Burgundy, Sonoma and Oregon’s Willamette Valley—pinot noir enthusiasts will quickly recognize the common thread of regions noted for their production of the finicky grape.
With an appreciation for pinot noir, retired mechanical engineer and native New Zealander David Eatwell of St. Louis certainly values these regions. Eatwell has traveled to two of them, Burgundy (at Domaine Chandon de Briailles) and Willamette Valley (at Domaine Drouhin Oregon), in his process to learn more about the art of making wine, turning his passion into a second career with Spoonbill Wines out of New Zealand. “For about 25 years, I had been collecting wine; and after retiring, I needed something to do,” he explains. “I suppose my engineering brain got the better of me because I wanted to dig deeper to see what was really behind it all. I discovered that I love making wine and that I also love growing the grapes.”
As an engineer, a professional opportunity brought Eatwell to the U.S. in 1980. He later met his future wife, Chris, a St. Louisan. With his extended family still New Zealand, the couple purchased a home in 2000 in Marlborough, which is known for its sauvignon blanc. “Pinot noir is not as well-known in Marlborough; and prior to 2007, winemakers struggled with the grape,” he recalls. “But I think the vines are getting older now and the wines are becoming very good. Marlborough is located in a valley—it's very similar to Napa Valley—and it's a cooler, maritime climate great for pinot noir.” Eatwell says that he had the opportunity to make wine from the grapes in a vineyard in Marlborough for two years prior to he and his wife buying it in 2008. “I realized how good the wine was, so we decided to purchase it. Pinot noir is truly my passion, and that's the majority of the grapes that we grow—we have 13 acres, and 11 of those are pinot noir.”
The Eatwells' vineyard is named Rawiri, which translates to ‘David’ in Maori, the native language of New Zealand. Every year, the couple winters in Marlborough, where it’s summer in the southern hemisphere. And then in April, Eatwell makes his wine under the Spoonbill Wine label, which, along with a pinot noir reserve and pinot noir reserve estate, also includes a pinot gris and sauvignon blanc. “Our house is located on the water, and we have a lot of birdlife, especially these spoonbills birds,” Eatwell explains. “When we were trying to come up with a name for the wine, a very good friend of mine painted a watercolor of one of these birds, which led me to think it would be a good name. So the bird that you see on the label is actually his watercolor.”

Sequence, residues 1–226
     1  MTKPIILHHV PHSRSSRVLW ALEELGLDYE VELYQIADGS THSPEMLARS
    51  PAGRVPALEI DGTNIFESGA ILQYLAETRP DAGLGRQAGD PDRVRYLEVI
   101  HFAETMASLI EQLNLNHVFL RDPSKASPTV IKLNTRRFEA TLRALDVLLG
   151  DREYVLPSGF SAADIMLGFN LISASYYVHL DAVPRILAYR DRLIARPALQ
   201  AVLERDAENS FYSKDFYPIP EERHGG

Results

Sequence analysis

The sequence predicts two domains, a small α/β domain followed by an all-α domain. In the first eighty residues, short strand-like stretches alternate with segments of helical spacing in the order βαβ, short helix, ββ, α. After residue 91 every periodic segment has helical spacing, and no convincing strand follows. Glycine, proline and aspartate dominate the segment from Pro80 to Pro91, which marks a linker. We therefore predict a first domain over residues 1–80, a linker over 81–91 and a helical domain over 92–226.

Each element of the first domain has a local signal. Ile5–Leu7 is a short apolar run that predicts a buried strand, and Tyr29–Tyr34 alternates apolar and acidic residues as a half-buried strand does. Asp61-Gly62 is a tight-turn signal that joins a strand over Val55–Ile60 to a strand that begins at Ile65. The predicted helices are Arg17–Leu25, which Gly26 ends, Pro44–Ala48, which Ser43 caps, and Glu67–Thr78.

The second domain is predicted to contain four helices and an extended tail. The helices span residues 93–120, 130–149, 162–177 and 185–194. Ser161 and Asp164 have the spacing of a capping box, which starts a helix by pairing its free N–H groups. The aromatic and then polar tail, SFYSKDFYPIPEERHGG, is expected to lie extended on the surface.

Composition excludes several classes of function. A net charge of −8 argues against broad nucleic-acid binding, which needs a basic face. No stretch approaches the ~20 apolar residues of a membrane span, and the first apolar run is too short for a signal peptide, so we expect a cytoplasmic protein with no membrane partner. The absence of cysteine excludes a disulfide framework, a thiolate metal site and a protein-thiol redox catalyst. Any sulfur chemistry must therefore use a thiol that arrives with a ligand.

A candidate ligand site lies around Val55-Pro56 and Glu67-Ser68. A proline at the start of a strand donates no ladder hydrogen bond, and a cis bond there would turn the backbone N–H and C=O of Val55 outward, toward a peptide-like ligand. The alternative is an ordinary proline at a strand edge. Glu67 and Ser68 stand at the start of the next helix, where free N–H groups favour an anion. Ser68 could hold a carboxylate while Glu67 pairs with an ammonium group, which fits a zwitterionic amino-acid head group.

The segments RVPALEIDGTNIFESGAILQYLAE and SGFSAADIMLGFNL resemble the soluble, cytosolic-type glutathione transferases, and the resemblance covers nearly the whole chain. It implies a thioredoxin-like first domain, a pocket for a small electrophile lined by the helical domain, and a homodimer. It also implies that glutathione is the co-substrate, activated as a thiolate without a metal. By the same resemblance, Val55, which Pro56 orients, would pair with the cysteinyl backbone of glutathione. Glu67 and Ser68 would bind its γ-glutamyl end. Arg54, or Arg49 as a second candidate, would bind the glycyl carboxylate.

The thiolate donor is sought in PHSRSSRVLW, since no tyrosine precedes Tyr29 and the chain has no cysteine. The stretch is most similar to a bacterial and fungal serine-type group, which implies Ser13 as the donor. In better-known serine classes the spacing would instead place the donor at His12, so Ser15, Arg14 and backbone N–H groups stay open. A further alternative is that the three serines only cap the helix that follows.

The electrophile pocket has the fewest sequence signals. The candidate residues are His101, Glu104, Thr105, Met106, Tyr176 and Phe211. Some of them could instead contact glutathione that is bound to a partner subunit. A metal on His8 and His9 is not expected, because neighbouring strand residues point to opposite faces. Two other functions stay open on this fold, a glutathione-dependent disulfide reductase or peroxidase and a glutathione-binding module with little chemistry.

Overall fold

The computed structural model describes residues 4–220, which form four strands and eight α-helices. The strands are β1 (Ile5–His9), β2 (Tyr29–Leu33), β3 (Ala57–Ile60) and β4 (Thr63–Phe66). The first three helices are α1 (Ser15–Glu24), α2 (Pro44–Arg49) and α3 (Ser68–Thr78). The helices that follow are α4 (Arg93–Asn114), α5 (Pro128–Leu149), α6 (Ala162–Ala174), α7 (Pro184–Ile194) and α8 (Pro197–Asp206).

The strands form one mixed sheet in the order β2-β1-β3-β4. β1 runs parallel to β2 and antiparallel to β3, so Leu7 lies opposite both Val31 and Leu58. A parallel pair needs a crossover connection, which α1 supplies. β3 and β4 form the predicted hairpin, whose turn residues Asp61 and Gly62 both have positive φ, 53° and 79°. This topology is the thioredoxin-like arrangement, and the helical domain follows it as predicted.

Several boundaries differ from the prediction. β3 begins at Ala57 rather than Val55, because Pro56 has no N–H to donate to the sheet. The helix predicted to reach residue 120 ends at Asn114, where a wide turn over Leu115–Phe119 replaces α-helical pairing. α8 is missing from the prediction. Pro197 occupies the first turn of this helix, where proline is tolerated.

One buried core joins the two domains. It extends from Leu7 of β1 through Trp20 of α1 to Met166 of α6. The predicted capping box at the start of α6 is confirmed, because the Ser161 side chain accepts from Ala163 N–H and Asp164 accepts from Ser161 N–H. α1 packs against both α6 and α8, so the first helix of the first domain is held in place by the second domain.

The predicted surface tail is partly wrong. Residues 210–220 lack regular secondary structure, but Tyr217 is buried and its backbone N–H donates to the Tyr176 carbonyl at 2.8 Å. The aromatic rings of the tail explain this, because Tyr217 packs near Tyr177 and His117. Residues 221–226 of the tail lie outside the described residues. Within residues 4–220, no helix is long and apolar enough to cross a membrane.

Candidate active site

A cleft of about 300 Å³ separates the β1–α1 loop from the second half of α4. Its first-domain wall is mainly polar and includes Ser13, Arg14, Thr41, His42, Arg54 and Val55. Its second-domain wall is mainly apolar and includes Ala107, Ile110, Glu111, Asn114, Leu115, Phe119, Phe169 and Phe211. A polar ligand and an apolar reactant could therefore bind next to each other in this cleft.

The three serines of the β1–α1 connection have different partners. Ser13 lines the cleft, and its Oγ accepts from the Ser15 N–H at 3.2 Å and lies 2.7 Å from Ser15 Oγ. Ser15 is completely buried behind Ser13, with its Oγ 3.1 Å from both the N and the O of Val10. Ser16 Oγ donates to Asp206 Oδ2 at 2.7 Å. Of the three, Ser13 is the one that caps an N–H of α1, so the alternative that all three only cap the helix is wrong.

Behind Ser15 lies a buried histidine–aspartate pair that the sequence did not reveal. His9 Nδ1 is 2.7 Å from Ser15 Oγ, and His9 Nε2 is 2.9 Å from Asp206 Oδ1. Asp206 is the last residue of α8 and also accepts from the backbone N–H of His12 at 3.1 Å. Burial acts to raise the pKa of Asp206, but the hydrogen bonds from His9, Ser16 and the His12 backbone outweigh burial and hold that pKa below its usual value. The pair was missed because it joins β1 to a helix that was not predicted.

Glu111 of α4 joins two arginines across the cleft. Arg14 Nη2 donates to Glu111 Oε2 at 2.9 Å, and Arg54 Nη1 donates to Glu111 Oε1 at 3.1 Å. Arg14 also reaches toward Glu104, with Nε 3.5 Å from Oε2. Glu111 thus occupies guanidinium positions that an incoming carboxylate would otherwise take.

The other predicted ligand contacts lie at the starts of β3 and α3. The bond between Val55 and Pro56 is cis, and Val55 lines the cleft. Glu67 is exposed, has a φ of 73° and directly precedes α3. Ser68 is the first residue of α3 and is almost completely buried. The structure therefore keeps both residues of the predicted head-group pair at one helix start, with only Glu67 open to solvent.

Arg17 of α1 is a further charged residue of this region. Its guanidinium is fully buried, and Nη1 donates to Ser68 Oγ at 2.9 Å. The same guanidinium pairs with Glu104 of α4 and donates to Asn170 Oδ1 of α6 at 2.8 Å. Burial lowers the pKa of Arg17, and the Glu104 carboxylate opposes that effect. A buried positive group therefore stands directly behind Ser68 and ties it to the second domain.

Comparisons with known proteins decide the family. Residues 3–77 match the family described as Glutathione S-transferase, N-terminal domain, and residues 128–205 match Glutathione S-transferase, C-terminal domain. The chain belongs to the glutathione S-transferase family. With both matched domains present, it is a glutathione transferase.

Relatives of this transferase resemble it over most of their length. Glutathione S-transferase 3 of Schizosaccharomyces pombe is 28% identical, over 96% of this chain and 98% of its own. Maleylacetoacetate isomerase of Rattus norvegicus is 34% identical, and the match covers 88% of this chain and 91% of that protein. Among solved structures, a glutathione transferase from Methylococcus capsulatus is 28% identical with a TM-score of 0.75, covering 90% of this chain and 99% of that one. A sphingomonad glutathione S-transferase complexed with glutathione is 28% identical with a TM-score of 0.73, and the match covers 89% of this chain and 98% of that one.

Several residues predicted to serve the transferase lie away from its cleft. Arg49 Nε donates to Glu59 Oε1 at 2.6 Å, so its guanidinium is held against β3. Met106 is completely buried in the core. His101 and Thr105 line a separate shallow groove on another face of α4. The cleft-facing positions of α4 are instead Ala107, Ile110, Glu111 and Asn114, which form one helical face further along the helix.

With production at some 500 cases annually, Eatwell enjoys having complete control of the process. “I love growing my own grapes because the wine is basically made in the vineyard—then it's up to the winemakers not to mess it up,” he says. When asked to describe his pinot noir, Eatwell explains that it falls somewhere between New World (California) and Burgundy. “Because I'm crazy, I took my wine over to Burgundy, because the French will tell you exactly what they think—they're very passionate about their own wine,” he says. “We had a blind tasting with my 2011 pinot noir, and they thought my wine was French! They thought it was actually from the Loire Valley! But some of the New World pinot noir is made so big, and they’re not as heavy in color—they’re quite different from the French. So I would say my pinot noir is somewhere in-between the two.”
With regard to tasting notes, Eatwell lets the drinker decide. “It smells like a pinot noir, it tastes like a pinot noir, and it is a pinot noir,” he laughs. “When I go into a grocery store and purchase a strawberry, and then bite into it, I don’t say, Oh, this strawberry tastes like a pinot noir! I leave that up to the person drinking it to come up with their own ideas and their own perception of it.”
On Sunday, Dec. 8, Balaban’s Wine Cellar & Tapas Bar will host a wine dinner featuring David Eatwell and Spoonbill Wine. For more information, visit balabanswine.com.